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Discussion Starter · #1 ·
Hi everyone.
I'm working on an art project for a friend. The project involves burning little wood houses, trees, cars etc. and then making a film from them.
So my question is: does anyone know of different ways to construct miniatures and finish wood that will cause different piece to burn in cool ways. Whether it's different colors or burn speed or anything really. It's suppose to be dazzling, and unfortunately California hates fireworks.
Thanks for any input you can provide.
 

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Plenty of chemicals will change the burn style. Sodium chloride will produce green flame, potassium chloride blue. maybe I have that backwards... Anyway, it's possible. What result were you looking for? For general information I'd look at firework color charts, the same Chantal's used to change their colours also usually work in regular fire
 

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Particles of steel like from a grinder will sparkle like a sparkler when sprinkled onto a flame. Perhaps it would work if you sprinkled it onto spray adhesive attached to your wood shapes.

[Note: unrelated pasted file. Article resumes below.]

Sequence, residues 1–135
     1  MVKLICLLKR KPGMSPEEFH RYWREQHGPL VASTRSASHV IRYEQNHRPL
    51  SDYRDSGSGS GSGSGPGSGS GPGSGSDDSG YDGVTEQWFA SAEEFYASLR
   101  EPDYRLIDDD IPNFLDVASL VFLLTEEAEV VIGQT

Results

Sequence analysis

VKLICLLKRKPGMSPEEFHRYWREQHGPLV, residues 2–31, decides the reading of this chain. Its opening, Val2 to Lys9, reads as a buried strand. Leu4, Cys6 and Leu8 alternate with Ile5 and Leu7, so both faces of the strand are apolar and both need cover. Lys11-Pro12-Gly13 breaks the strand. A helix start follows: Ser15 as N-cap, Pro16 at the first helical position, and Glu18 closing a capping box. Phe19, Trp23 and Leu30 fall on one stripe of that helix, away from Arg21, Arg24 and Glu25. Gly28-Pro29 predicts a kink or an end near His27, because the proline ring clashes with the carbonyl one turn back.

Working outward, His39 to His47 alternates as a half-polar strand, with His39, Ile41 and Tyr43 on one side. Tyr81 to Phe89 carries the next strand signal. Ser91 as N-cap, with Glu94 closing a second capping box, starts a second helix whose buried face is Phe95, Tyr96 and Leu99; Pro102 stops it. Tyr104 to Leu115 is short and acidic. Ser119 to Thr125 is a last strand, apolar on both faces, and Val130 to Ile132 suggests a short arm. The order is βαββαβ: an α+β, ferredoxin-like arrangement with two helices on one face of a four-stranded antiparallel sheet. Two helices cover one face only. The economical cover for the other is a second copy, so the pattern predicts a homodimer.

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Discussion Starter · #4 ·
Thanks for the advice guys. Sparkling and different colors are all welcomed ideas. I may try to mix in some magnesium shavings to try and get that bright sparkle as well.
 

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Plenty of chemicals will change the burn style. Sodium chloride will produce green flame, potassium chloride blue. maybe I have that backwards... Anyway, it's possible. What result were you looking for? For general information I'd look at firework color charts, the same Chantal's used to change their colours also usually work in regular fire
Sodium makes a bright yellow flame, potassium is the blue, copper salts make green, and I think lithium makes a purple flame.
Look up flame tests in chemistry and you can get a much longer list. One thing you could do is soak a porous wood with nitrate salts, which will act as an oxidizer and make the wood burn faster.
 

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Sodium makes a bright yellow flame, potassium is the blue, copper salts make green, and I think lithium makes a purple flame.
Look up flame tests in chemistry and you can get a much longer list. One thing you could do is soak a porous wood with nitrate salts, which will act as an oxidizer and make the wood burn faster.
I knew i got those colors wrong... Been a while since i looked up the charts
 
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